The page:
Family dynamics are challenging. Every family is unique, but very few families are problem-free. We are raised to believe we should love God, love our mothers and our fathers, and love ourselves. What happens when there’s turmoil? Is it a sin to not talk to your parents anymore?
Our parents give us life, so what happens when things go badly
We come into this world because of our parents. They gave us life. Our parents are our first influence in this world and our first friend. When we are brought into this world, we are helpless infants. It is our parents that take care of us. They clothe, feed, and teach us. They have helped us become who we are and yet, they are only human.
Parenting is not a science. Everyone does it differently. Many people report that their parenting style mimics the way they grew up. Parents were once kids, watching their own parents. Parents do the best they can at the time, but it doesn’t always feel like that to their children.
When arguments and tension arise between parents and children, it is equally challenging. Sometimes the easiest response is to walk away. Deciding not to talk to your parents may feel like it is your only option. Especially when things have been said out of anger, either by you or by them, it is instinct to just stop talking.
Not talking to your parents may be an easy response. It may feel natural. You may feel like you are protecting yourself from them by avoidance, or maybe that you are protecting them from your anger. Maybe that’s not it at all, and not talking to your parents may be incredibly difficult. You may be trying to hold out to protect yourself or to punish them.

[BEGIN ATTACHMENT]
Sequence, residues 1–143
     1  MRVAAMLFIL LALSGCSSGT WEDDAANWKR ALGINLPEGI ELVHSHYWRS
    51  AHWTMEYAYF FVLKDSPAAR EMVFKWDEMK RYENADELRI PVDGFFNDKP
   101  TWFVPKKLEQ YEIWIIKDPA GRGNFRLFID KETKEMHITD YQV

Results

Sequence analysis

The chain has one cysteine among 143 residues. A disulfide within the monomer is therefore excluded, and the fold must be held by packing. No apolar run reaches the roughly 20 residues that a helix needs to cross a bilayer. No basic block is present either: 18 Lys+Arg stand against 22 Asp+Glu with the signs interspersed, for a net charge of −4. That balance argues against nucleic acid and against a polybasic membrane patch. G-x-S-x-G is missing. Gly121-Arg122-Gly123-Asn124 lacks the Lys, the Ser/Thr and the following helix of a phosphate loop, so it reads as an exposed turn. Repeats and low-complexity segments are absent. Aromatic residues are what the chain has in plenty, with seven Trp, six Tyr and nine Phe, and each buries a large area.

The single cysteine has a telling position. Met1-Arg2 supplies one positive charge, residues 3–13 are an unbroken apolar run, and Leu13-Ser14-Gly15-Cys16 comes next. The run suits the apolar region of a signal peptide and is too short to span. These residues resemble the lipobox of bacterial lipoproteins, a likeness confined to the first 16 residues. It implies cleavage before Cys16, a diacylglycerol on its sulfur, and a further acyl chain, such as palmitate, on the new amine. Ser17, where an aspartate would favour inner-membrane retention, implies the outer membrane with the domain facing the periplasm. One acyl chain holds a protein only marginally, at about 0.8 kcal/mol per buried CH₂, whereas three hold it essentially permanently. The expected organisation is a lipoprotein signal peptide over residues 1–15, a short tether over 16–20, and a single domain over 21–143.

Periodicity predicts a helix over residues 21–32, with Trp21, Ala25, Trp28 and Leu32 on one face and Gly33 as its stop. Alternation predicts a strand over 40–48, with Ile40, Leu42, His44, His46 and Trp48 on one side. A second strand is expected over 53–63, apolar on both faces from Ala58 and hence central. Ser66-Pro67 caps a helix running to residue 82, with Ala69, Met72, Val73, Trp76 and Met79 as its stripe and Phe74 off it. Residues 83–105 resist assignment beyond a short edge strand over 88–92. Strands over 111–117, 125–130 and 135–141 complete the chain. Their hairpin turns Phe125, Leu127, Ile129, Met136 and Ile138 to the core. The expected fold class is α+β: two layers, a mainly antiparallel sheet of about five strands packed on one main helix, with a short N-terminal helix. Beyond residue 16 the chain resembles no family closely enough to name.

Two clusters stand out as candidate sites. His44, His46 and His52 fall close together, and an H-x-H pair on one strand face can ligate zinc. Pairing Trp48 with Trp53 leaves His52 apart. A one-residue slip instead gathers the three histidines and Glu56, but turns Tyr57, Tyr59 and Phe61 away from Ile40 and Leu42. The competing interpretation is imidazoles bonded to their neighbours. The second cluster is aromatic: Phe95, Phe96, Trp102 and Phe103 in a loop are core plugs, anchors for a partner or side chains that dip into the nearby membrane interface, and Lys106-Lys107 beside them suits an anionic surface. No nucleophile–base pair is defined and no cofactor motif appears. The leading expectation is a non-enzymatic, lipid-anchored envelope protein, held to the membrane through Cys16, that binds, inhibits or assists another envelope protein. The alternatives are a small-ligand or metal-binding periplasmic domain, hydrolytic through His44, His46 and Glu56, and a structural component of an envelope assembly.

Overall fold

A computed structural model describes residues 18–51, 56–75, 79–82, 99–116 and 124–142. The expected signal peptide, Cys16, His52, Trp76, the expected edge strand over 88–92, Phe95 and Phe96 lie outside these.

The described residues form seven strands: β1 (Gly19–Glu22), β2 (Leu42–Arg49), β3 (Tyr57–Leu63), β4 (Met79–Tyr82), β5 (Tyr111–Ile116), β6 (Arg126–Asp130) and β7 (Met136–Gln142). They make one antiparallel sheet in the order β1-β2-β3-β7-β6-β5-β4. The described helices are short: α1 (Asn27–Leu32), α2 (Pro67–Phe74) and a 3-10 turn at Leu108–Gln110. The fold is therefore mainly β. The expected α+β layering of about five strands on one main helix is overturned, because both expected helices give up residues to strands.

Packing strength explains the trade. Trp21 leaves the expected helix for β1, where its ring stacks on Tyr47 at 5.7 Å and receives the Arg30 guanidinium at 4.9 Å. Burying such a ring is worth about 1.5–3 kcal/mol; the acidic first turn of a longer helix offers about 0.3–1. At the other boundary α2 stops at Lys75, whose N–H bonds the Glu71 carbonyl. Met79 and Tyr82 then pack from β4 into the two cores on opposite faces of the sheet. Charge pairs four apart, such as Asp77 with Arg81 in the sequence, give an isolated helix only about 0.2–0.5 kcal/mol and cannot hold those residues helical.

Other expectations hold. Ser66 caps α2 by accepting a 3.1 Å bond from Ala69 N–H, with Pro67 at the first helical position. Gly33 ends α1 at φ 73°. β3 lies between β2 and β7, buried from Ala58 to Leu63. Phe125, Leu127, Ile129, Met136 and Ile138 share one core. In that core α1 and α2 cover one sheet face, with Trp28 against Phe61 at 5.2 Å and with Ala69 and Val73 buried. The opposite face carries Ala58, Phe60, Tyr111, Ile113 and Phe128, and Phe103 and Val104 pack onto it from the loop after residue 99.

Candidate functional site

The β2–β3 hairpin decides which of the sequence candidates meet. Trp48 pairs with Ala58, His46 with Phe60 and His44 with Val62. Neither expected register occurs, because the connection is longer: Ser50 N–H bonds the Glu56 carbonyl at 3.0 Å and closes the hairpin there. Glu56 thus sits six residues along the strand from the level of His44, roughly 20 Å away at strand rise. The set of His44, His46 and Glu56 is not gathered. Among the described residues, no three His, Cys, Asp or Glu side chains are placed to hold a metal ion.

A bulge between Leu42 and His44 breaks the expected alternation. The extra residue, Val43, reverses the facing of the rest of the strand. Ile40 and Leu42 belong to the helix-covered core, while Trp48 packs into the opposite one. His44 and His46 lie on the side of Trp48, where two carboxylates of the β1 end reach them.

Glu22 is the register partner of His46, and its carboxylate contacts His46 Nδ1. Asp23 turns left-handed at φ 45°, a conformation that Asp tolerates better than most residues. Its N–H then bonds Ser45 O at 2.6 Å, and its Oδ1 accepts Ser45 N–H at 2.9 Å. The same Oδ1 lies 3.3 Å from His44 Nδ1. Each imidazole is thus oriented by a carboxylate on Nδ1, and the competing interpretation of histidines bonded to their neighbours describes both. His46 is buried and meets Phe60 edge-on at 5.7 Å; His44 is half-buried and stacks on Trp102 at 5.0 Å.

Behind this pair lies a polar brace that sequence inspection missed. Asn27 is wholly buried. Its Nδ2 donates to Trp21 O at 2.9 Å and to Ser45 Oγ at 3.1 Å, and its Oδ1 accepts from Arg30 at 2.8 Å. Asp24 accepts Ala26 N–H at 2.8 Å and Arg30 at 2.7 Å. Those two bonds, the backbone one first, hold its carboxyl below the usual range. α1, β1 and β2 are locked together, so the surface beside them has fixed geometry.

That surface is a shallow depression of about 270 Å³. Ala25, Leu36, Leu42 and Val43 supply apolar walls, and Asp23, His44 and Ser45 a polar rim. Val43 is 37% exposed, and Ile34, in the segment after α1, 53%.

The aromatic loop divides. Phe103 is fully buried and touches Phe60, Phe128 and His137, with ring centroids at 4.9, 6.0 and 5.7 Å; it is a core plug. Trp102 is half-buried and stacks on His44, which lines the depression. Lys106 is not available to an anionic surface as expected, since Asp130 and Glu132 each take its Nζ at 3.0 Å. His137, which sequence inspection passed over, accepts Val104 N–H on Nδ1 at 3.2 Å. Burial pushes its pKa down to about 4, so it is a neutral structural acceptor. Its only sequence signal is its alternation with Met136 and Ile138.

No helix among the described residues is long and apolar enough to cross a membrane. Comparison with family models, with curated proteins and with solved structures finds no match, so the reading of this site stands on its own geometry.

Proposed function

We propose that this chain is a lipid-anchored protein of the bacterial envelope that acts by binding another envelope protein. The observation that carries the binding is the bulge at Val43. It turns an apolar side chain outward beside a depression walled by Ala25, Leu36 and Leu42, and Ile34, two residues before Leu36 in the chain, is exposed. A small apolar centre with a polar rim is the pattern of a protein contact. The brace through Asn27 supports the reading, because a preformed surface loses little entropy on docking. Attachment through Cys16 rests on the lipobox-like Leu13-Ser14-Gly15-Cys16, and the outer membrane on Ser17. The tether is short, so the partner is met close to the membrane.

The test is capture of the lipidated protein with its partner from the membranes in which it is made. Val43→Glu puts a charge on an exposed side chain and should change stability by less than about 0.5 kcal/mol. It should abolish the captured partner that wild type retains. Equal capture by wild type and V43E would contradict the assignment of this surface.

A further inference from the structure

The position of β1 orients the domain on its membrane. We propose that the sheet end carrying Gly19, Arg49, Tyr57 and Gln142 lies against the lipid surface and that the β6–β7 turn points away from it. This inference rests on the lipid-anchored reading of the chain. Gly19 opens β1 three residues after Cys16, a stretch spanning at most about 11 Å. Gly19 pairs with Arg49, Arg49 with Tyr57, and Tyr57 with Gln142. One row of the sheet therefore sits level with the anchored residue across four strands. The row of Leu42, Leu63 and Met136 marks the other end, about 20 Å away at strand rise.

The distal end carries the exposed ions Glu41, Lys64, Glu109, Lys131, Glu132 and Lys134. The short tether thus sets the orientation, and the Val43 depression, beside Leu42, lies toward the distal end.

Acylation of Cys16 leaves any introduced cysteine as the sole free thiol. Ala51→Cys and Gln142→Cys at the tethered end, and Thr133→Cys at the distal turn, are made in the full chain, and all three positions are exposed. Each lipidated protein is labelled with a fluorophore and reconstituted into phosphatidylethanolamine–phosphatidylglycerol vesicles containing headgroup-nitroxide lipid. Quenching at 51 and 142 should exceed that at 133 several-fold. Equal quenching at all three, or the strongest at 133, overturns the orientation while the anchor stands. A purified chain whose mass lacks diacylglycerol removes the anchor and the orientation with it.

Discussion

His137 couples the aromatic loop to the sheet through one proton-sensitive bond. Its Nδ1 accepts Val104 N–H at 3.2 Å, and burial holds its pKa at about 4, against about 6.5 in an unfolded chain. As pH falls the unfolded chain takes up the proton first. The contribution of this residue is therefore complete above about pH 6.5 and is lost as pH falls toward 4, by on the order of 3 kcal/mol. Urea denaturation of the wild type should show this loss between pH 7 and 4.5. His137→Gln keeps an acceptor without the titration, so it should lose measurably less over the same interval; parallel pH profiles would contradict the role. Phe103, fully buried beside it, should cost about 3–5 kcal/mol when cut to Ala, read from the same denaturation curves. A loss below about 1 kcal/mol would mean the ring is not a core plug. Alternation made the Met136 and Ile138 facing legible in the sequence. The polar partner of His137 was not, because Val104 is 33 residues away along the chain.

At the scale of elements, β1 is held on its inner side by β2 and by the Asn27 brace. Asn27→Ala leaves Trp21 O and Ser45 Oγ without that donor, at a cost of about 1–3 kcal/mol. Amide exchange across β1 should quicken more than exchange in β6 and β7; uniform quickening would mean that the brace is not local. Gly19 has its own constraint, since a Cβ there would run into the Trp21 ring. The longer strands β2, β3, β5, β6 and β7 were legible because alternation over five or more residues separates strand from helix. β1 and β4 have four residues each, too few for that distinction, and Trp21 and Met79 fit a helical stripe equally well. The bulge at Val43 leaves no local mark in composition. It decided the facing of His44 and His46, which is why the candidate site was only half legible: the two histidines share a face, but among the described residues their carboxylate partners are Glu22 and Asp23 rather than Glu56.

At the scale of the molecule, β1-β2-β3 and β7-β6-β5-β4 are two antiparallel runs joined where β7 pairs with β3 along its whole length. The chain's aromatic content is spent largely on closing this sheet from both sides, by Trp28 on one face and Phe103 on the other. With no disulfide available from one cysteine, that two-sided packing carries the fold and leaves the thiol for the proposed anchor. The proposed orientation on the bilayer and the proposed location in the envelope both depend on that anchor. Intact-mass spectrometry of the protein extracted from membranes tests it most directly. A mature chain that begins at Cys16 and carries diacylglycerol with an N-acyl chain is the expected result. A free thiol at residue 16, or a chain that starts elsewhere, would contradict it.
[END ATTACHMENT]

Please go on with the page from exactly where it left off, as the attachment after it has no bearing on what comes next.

It is your choice whether you talk to your parents or not. Some people consider their religious beliefs when discussing their parents. Some even feel it is a sin not to talk to their parents.
What does the bible tell us About Not Talking to Our Parents
The bible tells us that children are a gift to parents, but what does it tell us about how to handle disagreements with our parents? Does the bible say that we are sinning if we don’t talk to our parents?
Hebrews 12:11 tells us, “No discipline seems pleasant at the time, but painful. Later on, however, it produces a harvest of righteousness and peace for those who have been trained by it.”
This passage can be interpreted to address the discipline given to children by parents. Hebrews explains that discipline is not pleasant, but it is necessary. Parents are not given detailed instructions on how to handle their children, so trying to raise them right by society and God is often a struggle.
The bible tells us that disciplining our children produces righteousness and peace. Parents want peace for their children. However, the discipline is not specified. Some parents spank, some wash their mouths out with soap. Some children and grown adults can report growing up in a very strict household, while others felt their parents went easy on them.